A well-known identity amongst the Sydney homeless community, Laurence takes the midnight train to Kiama and back every weekday - a 6-hour return journey - seeking refuge away from the streets, as a chance for warmth and a place to sleep.
Countless homeless people use long, late night train trips as a source of shelter every day - not only to Kiama, but also to the Central Coast, Lithgow or just to the far reaches of Sydney's suburbs. If they can afford it, a train ticket is cheaper than overnight accommodation.
But these train trips are not entirely free from danger. Drunken hoodlums and police checks provide the greatest sources of anxiety, so any amount of sleep is often interrupted and done with one eye open, so to speak.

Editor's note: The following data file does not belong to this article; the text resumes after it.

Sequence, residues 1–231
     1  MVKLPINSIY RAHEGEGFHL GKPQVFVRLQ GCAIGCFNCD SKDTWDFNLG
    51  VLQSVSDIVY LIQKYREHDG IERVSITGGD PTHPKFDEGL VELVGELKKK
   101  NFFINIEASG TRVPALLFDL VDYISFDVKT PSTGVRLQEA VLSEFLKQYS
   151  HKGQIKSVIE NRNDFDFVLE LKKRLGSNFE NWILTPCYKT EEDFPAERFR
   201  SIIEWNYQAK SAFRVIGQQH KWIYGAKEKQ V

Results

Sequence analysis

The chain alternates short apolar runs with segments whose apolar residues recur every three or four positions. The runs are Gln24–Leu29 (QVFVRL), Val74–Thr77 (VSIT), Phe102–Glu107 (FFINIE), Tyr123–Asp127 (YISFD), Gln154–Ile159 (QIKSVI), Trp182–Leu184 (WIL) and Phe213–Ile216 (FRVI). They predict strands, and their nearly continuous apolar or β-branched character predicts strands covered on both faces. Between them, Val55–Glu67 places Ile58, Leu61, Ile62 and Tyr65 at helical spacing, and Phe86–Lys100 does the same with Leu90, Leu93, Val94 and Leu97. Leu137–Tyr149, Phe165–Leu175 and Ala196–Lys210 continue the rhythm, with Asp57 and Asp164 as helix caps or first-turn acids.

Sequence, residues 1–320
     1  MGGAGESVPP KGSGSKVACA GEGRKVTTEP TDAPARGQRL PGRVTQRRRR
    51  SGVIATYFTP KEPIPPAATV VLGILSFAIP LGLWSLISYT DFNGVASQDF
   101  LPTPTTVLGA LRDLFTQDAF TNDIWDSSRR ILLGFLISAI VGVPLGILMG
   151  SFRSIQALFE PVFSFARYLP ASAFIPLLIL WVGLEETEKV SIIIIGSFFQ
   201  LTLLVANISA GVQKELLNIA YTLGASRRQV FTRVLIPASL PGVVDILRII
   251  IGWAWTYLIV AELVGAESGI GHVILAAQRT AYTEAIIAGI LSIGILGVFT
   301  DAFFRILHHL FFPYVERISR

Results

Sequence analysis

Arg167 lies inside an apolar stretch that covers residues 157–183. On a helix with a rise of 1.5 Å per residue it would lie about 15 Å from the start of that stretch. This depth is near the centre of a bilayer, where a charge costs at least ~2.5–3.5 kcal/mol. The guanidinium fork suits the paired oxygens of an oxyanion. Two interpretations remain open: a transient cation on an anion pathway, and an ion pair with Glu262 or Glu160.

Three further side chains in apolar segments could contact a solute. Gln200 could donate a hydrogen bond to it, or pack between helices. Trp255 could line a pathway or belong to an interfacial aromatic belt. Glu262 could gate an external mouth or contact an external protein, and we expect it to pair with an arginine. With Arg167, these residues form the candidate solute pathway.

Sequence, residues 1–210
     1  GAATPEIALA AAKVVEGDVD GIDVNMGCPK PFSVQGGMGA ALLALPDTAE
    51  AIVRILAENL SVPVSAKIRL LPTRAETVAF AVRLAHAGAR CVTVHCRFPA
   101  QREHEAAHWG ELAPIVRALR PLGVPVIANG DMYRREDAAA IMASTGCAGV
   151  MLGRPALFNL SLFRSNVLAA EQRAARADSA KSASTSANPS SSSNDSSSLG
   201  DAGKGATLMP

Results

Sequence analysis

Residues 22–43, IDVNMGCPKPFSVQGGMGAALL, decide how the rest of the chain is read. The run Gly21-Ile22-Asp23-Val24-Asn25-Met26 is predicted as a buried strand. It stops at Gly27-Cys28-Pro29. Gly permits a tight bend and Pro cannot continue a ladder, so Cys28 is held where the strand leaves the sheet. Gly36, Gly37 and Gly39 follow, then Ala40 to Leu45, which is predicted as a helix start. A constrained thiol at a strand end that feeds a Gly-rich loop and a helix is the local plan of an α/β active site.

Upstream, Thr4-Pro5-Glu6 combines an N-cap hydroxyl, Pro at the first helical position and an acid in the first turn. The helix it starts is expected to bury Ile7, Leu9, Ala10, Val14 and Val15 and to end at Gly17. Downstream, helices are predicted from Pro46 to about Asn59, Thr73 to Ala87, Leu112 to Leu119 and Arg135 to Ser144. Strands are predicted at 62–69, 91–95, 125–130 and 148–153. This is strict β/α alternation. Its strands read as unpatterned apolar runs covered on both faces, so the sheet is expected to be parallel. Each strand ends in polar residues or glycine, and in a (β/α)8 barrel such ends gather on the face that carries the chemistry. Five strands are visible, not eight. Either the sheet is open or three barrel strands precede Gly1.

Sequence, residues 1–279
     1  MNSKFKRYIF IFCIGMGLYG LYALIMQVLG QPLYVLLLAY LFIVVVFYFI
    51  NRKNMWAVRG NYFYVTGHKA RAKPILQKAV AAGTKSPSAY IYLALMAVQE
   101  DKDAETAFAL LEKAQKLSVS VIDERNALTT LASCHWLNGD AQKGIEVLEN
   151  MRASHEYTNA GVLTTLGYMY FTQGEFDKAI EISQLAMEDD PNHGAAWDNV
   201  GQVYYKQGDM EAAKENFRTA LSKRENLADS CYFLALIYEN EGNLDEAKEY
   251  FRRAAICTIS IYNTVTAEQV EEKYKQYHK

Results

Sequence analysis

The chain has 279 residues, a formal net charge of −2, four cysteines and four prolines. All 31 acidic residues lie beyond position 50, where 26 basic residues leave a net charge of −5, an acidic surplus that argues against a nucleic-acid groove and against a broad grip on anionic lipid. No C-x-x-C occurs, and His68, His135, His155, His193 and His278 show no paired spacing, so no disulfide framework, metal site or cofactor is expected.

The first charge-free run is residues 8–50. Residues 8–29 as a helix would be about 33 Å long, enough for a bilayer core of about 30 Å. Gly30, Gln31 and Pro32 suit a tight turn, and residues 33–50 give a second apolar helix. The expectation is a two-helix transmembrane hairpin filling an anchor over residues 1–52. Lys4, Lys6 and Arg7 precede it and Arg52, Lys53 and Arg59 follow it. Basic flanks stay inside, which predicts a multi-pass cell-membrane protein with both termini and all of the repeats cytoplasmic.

After a short break at their destination, the trains usually return to Central Station before sunrise, after which the homeless must negotiate the city's streets once more.
Laurence, who is 20% deaf, has been living on the streets of Sydney for the last 18 months. He became homeless not long after both his parents died and was sole carer for his sick mother before she passed.
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